Forget algebra homework: try building spaceships, operating a nuclear reactor or listening in to distant galaxies
As you head off to school, take a note from some of these brilliant learners, from all corners of the animal kingdom.
The ability to reprogram the immune system is one of the most sought-after goals in medicine. Now researchers are closer than ever to pulling it off in patients with Type 1 diabetes, one of whom happens to be our correspondent
PopSci attempts to determine, once and for all, which is the superior gender
Tiny nanoparticles are a huge part of our lives, for better or for worse.
Turn it up! Scientists have discovered that some species of birds can dance
The virus collects in deep pockets in the intestine, and spreads from cell to cell in part by touch.
The meteorite impact was a big factor too
High-speed movie cameras can shoot up to 20 million frames in the blink of an eye. The world is a mighty interesting place in ultimate slo-mo.
If historical patterns repeat themselves, the next ice age will occur within about 2,000 years.
Research shows tackling the hardest problems first could better teach children new skills
We spent twenty-four hours on a Greenpeace boat in the Gulf of Mexico looking for oil and dispersant among marine life. On the six-month anniversary of the leak, we report back
What's the best way to make scientists?
The story of how one of the most polluted waterways in America came to be located in one of the country's most expensive neighborhoods. Also: dysentery, cancer, and arsenic poisoning.
Moving on up
Presenting the winners of the 2016 Vizzies
What makes mass murder possible?
Teens may be works in progress, but they help society evolve.
Let me Google that for you.
But what does it do?
Your August obituary of astronomer Thomas Gold implied that his oil-abundance theory is off-base, but hasn't recent research proved otherwise?
For studying to stick, psychologists say timing is everything
Child development: Down's kids learn to just do it.
Are some people just better at becoming fluent in new languages as adults?
New tech could bring closure for the families of 500,000 missing people
Into the woods we go!
Sports: Headfirst at 80 miles per hour on a steel platter. And you thought bobsled and luge were scary.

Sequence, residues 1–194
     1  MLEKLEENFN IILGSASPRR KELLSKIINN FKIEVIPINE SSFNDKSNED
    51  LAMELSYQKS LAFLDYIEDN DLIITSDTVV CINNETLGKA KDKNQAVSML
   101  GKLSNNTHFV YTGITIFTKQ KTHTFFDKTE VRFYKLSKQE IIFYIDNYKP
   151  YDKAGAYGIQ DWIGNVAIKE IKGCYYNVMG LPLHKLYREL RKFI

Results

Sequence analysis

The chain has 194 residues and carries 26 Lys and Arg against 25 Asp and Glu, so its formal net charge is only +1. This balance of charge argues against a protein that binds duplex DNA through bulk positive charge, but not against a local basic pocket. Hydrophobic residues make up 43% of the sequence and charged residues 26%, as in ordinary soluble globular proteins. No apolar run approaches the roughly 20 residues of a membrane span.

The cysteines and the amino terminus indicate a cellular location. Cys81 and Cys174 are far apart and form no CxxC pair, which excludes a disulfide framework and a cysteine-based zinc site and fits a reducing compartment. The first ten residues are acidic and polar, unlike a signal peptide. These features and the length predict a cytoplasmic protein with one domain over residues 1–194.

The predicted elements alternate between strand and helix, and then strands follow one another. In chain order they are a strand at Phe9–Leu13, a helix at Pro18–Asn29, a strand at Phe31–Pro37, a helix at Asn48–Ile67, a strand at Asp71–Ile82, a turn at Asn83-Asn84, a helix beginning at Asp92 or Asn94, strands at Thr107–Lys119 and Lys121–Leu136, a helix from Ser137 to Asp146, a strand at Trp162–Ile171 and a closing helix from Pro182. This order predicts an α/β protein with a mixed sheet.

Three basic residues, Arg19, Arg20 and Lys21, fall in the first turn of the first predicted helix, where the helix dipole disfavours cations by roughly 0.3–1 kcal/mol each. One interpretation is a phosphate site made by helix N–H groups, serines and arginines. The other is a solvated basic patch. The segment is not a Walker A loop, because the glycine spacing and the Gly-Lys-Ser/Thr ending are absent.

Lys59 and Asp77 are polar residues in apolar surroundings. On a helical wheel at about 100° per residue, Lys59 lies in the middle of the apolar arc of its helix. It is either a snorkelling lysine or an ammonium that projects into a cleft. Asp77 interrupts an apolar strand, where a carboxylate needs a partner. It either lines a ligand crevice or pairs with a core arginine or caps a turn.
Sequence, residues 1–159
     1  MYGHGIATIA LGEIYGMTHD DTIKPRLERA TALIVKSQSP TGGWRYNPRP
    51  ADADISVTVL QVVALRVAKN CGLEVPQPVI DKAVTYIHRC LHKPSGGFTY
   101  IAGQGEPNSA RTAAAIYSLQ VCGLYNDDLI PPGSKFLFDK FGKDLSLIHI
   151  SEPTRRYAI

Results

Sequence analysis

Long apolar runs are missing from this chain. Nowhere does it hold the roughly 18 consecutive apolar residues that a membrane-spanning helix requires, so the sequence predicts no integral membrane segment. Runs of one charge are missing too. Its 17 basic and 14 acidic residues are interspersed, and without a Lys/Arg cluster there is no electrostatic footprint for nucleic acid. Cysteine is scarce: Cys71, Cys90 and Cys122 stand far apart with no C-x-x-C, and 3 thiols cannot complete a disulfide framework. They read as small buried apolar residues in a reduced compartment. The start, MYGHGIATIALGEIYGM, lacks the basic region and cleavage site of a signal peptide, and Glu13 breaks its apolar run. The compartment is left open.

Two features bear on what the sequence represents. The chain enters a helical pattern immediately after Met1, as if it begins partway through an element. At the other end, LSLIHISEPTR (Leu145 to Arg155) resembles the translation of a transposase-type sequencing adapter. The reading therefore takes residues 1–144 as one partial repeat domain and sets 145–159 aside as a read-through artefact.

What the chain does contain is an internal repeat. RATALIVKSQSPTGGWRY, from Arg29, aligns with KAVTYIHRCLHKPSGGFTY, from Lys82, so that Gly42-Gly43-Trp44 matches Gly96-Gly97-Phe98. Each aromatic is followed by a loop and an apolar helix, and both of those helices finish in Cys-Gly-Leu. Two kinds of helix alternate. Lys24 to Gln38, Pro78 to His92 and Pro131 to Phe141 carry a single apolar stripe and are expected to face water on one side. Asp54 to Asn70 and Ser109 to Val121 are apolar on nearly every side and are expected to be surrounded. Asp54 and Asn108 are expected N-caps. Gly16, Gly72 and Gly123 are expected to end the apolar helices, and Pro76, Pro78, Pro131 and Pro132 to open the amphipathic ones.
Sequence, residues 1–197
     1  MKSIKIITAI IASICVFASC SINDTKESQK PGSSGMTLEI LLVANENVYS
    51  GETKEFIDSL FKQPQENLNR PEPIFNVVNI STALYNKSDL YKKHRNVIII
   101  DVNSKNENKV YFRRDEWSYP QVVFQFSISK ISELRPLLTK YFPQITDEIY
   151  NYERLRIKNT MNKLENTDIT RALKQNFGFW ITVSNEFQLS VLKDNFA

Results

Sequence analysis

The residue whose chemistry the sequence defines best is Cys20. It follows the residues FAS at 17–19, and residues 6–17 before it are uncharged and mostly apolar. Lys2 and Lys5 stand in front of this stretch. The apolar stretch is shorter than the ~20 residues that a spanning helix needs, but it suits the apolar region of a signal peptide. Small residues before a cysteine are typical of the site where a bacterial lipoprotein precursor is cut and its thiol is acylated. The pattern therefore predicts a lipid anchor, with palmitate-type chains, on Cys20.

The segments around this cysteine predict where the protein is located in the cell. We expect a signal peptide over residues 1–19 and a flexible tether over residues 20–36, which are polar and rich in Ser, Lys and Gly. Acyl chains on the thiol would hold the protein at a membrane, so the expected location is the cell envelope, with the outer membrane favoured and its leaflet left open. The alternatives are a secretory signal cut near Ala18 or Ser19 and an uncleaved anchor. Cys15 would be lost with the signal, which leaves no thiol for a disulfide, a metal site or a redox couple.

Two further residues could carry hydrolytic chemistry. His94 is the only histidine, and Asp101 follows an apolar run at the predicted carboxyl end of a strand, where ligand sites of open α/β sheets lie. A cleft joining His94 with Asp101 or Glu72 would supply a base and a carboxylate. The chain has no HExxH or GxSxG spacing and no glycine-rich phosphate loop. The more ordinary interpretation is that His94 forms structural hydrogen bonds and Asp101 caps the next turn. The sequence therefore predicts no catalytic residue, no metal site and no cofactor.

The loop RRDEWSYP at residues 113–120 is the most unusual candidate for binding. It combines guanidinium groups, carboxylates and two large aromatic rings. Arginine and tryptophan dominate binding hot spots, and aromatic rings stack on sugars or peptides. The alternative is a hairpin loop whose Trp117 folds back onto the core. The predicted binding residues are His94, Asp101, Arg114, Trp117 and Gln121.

Sure, chimps and dolphins are smart. But did you know about the terrifyingly intelligent Komodo dragon, the paranoid squirrel, or the insect supervillain Portia labiata?
And if we combined the two, what extraordinary intelligence would they be capable of?
Six years' worth of incredible places.
They may be slow, but they cover entire football fields if left to their own devices.
It might seem silly to investigate whether people are happier on the weekend, but behind such truisms are revelations about our brains, our behavior and our environment. Here we round up the year's most outwardly obvious scientific studies
On the Labrador Sea, the scientific crew of the research vessel Knorr hunts for underwater storms, sinks a two-mile mooring--and gathers clues to the planet's fate
It's a contentious, edgy argument! But it's flawed in just about every way. Here's how to exploit those flaws.
Time to play "name that cortex."
The science shows that fish use tools, feel pain, have long memories, and deserve better treatment from us.
A scientist gets cozy with the most alien microbes in the world
The secrets are in the sediment
"You gotta Crash and Learn."
Scientists share their favorite stories.
The annual Ig Nobel awards are a treasure.
Last October, Iceland's economy tanked. Its bailout? A two-mile geothermal well drilled into a volcano that could generate an endless supply of clean energy. Or, as Icelanders will calmly explain, it could all blow up in their faces
As students everywhere return to school, the luckiest are heading for caves and rocket firing ranges instead of lecture halls
The quest to understand, explore, and protect the amazing animals